When calves arrive in feedyards managers, crews and veterinarians have better vaccines, better treatments and more information on bovine respiratory disease (BRD) than ever before. And yet, BRD persists as the most economically damaging disease in beef production.

Increasingly, cattle feeders and veterinarians recognize the relationship between stress and immunity. Weaning, commingling, shipping, processing and introducing calves to the feedyard environment all contribute to stress, suppression of immunity and limited response to vaccinations.

However, based on convenience, tradition and a perception of urgency, feedyards often vaccinate calves with modified-live virus (MLV) vaccines upon arrival or soon after.

Texas A&M University animal scientist John Richeson studies stress-induced immunosuppression in cattle—particularly vaccine response. He points to the difference between vaccine efficacy and efficiency. A strong antibody titer response suggests vaccine efficiency.  Vaccine efficiency refers to reduced instances of morbidity and mortality and improved performance. So, a vaccine could be eefficacious but not efficient due to factors like chronic stress.

Richeson notes some studies comparing MLV vaccinations delayed for 14 days versus vaccination upon arrival have shown reductions in BRD, while other studies have found no difference.

Testing the theory turned competitors to collaborators.

In an unusual research project, two competing animal health companies, Boehringer Ingelheim Vetmedica, Inc., (BIVI) and Bayer Animal Health, collaborated to explore the effects of a 30-day delay in administering a MLV vaccine, along with using an immunostimulant in high-risk calves.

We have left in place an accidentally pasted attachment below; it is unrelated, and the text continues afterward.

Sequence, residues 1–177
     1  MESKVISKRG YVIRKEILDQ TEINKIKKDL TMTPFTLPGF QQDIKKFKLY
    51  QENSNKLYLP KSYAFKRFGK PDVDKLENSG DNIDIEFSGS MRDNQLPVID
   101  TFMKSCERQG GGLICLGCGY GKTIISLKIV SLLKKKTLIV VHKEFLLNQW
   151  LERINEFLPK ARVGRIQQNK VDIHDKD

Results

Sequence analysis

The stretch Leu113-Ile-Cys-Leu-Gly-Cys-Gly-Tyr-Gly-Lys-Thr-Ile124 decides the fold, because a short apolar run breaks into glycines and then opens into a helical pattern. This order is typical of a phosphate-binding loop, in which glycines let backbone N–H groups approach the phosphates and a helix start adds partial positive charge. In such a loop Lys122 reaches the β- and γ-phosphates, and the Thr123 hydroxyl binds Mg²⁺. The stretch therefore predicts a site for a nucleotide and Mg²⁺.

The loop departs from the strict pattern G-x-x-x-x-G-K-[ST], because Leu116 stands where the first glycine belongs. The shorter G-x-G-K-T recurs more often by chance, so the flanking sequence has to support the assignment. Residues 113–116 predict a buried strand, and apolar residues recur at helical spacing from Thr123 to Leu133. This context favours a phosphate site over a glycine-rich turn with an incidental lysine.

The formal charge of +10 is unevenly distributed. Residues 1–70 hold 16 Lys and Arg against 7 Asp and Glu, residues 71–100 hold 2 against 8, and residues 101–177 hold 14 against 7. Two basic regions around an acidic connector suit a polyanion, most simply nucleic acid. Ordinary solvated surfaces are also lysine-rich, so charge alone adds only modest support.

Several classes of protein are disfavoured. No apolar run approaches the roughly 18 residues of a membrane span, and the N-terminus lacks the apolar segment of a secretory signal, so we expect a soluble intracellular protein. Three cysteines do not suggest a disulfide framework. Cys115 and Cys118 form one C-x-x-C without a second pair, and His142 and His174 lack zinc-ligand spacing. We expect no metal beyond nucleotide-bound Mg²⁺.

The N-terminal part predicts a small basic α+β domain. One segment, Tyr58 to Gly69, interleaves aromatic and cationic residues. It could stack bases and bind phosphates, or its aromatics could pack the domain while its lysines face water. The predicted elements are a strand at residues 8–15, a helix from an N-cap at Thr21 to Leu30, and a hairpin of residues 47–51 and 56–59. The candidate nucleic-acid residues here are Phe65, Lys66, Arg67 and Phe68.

The research project explored the effects of delayed respiratory MLV viral vaccine (Pyramid 5) with or without the inclusion of an immunostimulant (Zelnate) on feedlot health, performance and carcass merits of auction-market-derived feeder heifers. Del Miles, DVM, Veterinary Research and Consulting Services in Greeley, Colo., managed the trial.

A total of 5,179 high-risk heifer calves in 60 pens, were divided into four treatment groups of 15 pens The treatments included:

·       Delayed vaccine at 30 days

·       Vaccine on arrival and at 30 days

·       Immunostimulant on arrival and delayed vaccine at 30 days

·       Immunostimulant and vaccine on arrival and revaccination at 30 days.

The arrival protocol for all the animals included Mannheimia haemolytica toxoid, tilmicosin, moxidectin, oxfendazole and determination of pregnancy status.

The MLV used in this trial contains antigens against infectious bovine rhinotracheitis virus (IBRV), parainfluenza-3 virus (PI3V), bovine viral diarrhea virus types 1 and 2 (BVDV) and bovine respiratory syncytial virus (BRSV). The researchers administered 2mL of the vaccine subcutaneously in the right neck. As per label instructions, the researchers administered the 2mL of the DNA immunostimulant intramuscularly in the left neck.

Health outcomes showed a delay of MLV improved results.

At 60 days on feed, covering a period that typically brings the highest incidence of respiratory disease, the researchers found no significant differences between the treatment groups in the incidence of cattle treated once for respiratory disease. However, the delayed vaccination groups, with or without the immunostimulant, had a significantly lower percentage of calves treated twice.